Colorado Resort Sales Taxes

July 23, 2009

Daniel Hamermesh at Freakonomics blog makes an important tax observation from his vacation:

Before our current vacation in Colorado, I was pleased to notice that its sales tax rate is only 2.9 percent. On my first purchase in Steamboat Springs, though, the tax rate was 8.4 percent — the town adds 5.5 percentage points to the state rate. Annoying to me, but sensible, and probably efficient and equitable. After all, much of the purchasing is by tourists like me, and our demand for goods here is probably quite inelastic, so the excess burden of the tax is small.

Of course, that argument is why a city could tax tourists, not necessarily that they should. Yes, you can probably load up tourists with tons of taxes and they’ll take it for quite a while, like the proverbial Atlas. But, contrary to what is sometimes claimed, tourists often add net economic benefits to a community and consume fewer public services than residents. It’s a mistake to punish that with higher taxes, since you probably lose some visitors with every increase. And soaking tourists can lead to residents demanding more government than they are willing to pay for, with a serious crisis if tourism ever slackened.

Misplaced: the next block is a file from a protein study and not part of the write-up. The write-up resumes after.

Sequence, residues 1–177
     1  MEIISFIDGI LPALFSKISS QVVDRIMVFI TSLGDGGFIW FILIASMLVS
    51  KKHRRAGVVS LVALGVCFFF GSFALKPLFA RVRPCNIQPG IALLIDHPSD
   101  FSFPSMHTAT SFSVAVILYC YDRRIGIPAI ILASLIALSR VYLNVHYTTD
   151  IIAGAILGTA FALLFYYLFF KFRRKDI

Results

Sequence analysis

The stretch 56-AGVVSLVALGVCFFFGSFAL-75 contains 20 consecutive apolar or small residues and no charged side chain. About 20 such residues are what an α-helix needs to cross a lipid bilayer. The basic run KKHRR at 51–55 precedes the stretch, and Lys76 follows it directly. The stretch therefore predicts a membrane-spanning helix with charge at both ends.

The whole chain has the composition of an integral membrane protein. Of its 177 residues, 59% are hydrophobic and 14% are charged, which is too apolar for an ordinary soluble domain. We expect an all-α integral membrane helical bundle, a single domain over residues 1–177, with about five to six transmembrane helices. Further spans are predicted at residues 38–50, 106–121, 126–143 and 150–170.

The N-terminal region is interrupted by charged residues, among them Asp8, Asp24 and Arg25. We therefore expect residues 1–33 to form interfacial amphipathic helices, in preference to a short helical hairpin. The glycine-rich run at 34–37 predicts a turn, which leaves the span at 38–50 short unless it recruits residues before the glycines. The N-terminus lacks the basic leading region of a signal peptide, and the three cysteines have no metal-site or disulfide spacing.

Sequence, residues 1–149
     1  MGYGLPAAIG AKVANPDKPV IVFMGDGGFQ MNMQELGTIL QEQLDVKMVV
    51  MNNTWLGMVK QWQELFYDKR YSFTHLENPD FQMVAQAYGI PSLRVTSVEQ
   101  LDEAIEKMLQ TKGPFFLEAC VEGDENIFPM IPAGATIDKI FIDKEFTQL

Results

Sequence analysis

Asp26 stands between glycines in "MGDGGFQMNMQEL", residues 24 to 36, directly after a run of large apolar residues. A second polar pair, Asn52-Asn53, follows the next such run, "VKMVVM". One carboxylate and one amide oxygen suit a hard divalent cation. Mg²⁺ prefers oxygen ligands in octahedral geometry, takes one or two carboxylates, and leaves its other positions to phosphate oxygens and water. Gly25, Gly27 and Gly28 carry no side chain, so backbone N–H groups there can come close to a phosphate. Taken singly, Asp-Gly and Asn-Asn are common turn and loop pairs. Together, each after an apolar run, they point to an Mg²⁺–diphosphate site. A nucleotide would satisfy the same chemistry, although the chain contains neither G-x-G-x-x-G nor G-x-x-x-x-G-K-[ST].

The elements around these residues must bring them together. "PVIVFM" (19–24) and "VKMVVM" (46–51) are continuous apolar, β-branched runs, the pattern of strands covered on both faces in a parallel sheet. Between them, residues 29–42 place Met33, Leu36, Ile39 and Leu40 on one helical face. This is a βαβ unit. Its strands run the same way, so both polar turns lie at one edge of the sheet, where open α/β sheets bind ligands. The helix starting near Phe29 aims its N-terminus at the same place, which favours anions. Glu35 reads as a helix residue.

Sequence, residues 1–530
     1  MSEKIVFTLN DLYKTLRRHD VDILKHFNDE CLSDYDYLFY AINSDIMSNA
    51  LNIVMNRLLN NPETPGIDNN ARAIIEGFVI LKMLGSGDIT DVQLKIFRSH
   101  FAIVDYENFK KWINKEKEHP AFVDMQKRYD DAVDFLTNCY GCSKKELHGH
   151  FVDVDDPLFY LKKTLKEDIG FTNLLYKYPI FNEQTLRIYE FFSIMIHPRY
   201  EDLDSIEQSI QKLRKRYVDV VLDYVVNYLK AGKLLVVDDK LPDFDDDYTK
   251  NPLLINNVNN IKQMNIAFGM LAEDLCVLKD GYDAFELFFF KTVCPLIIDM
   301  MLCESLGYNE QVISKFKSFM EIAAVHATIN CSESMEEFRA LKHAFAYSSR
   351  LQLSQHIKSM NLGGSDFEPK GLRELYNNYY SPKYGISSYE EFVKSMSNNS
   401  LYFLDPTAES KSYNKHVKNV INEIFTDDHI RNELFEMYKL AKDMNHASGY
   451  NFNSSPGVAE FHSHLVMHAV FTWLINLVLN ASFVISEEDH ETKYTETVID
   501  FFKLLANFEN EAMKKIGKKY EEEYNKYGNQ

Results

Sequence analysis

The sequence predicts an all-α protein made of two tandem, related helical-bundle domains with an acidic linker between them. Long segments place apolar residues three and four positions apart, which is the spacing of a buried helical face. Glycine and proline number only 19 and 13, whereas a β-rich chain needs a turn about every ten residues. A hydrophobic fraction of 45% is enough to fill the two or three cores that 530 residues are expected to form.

But he is correct on Colorado’s local sales taxes in resort and tourist-heavy areas. We have our map of combined state-local sales taxes, which adds the state rate with a weighted average of local rates. And although the Streamlined Sales Tax Project (SSTP) has given up on reducing or rationalizing the thousands of sales tax jurisdictions in the country, they may push for nifty maps of all the different rates.

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